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Poll: U.S. disaster plan no better since Katrina

WASHINGTON - Most people think the United States is not better prepared for handling natural disasters than it was when Hurricane Katrina ravaged the Gulf Coast five years ago, according to a poll released yesterday.

Almost six in 10, or 57 percent, say the country has not improved its disaster preparations, according to the survey by the nonpartisan Pew Research Center. Roughly equal numbers of Democrats, Republicans and independents share that view. Just 38 percent said the country is more ready than it was.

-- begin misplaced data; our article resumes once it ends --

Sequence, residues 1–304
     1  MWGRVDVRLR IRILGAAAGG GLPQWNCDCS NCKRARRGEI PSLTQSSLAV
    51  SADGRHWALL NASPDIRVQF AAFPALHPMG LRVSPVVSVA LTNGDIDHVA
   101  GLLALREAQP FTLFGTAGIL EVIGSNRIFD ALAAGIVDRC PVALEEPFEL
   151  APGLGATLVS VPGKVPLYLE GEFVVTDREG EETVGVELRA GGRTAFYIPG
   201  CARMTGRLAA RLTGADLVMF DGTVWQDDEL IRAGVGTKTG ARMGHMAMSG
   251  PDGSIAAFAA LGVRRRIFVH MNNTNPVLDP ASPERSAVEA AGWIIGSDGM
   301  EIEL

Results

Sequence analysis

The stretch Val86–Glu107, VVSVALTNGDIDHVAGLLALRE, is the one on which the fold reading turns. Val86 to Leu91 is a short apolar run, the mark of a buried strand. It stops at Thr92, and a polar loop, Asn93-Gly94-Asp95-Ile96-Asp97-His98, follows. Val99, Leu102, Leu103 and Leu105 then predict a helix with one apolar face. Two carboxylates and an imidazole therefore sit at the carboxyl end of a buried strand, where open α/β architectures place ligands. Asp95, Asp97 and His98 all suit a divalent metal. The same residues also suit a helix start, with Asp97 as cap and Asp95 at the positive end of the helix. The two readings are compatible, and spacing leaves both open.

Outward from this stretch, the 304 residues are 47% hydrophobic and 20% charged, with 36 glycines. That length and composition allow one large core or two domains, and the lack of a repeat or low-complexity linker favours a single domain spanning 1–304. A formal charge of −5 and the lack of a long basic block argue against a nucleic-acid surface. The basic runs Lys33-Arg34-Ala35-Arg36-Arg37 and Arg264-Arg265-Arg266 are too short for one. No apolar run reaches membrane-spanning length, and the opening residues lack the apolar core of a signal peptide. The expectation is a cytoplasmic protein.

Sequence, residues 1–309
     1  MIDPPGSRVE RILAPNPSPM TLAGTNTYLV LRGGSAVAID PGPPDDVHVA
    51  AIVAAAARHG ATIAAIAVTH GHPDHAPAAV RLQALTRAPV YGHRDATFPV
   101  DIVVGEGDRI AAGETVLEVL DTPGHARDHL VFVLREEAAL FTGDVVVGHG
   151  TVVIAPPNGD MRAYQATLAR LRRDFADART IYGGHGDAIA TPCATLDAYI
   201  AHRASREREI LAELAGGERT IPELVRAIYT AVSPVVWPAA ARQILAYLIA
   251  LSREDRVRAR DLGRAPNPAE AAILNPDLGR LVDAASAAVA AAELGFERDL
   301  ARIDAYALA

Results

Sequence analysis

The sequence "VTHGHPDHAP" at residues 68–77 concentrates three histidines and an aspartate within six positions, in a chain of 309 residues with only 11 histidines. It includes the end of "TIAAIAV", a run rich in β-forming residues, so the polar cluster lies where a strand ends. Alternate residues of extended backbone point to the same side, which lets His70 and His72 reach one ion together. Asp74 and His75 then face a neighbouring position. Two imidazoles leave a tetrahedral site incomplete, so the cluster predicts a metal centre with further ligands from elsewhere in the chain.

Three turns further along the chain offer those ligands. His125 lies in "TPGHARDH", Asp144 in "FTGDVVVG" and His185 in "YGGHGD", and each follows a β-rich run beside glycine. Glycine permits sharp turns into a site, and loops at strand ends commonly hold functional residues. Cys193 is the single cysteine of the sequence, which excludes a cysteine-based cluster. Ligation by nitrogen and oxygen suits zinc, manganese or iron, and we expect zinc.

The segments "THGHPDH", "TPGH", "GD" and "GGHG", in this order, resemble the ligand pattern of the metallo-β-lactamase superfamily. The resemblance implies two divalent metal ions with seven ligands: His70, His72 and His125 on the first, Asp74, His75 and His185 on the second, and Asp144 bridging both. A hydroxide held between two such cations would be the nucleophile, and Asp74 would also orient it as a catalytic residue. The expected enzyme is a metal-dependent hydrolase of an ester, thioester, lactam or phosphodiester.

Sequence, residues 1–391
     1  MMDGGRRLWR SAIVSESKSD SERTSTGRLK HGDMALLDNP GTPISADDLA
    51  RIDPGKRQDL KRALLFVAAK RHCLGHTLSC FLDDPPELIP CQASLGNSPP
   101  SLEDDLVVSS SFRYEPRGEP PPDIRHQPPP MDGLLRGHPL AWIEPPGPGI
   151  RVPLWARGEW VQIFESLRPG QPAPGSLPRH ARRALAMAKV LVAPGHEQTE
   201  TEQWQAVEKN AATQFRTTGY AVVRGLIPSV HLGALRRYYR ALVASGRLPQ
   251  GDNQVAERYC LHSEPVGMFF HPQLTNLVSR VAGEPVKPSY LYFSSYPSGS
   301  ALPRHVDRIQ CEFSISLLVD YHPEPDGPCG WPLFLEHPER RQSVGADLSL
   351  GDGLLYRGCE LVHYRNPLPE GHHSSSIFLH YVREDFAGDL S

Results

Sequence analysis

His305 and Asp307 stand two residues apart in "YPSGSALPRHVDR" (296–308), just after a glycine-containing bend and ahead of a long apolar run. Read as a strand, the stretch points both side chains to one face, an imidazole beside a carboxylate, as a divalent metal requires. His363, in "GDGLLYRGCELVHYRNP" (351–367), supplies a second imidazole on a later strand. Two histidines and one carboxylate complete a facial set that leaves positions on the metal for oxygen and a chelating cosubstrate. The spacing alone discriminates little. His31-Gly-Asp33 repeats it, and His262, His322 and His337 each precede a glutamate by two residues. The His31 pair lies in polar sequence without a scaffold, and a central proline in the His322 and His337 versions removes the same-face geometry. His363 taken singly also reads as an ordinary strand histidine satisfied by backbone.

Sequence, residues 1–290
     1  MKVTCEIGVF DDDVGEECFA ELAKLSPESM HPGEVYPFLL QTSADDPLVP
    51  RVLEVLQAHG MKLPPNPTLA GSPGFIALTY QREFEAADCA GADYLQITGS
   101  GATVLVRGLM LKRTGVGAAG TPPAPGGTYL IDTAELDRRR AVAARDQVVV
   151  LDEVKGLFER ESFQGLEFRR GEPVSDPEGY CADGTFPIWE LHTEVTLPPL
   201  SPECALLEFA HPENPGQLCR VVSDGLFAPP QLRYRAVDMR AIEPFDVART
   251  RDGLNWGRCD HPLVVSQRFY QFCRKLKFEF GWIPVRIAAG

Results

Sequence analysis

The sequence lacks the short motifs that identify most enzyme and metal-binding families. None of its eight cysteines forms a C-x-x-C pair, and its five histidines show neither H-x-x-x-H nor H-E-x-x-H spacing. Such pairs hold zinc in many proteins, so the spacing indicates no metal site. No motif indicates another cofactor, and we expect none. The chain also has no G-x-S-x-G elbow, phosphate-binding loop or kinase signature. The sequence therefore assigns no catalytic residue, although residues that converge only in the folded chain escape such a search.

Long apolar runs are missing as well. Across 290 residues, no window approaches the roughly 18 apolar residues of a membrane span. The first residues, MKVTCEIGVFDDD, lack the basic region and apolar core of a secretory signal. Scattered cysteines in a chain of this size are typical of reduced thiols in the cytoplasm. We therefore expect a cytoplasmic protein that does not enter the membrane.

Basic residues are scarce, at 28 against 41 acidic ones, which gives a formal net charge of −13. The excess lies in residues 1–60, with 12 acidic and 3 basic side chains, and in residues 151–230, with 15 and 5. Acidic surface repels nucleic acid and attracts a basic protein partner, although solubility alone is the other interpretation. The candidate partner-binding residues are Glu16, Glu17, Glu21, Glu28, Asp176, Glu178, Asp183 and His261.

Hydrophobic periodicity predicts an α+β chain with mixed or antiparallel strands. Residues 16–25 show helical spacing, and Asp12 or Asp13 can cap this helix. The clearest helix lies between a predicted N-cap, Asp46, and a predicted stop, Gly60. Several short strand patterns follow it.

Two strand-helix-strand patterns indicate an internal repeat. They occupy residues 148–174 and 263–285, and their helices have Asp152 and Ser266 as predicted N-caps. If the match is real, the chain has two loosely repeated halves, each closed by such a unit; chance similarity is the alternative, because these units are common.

The poll also found that nearly 7 in 10, or 69 percent, believe progress has been made rebuilding New Orleans and the Gulf Coast.

People in the South - which includes Gulf of Mexico states - feel most strongly about it, with 75 percent saying progress has been made. In other regions a combined 66 percent see progress.

Democrats were less convinced than Republicans and independents, with 63 percent of them saying reconstruction has moved ahead.

Pew conducted the poll Aug. 19-22. The margin of sampling error was plus or minus 4 percentage points

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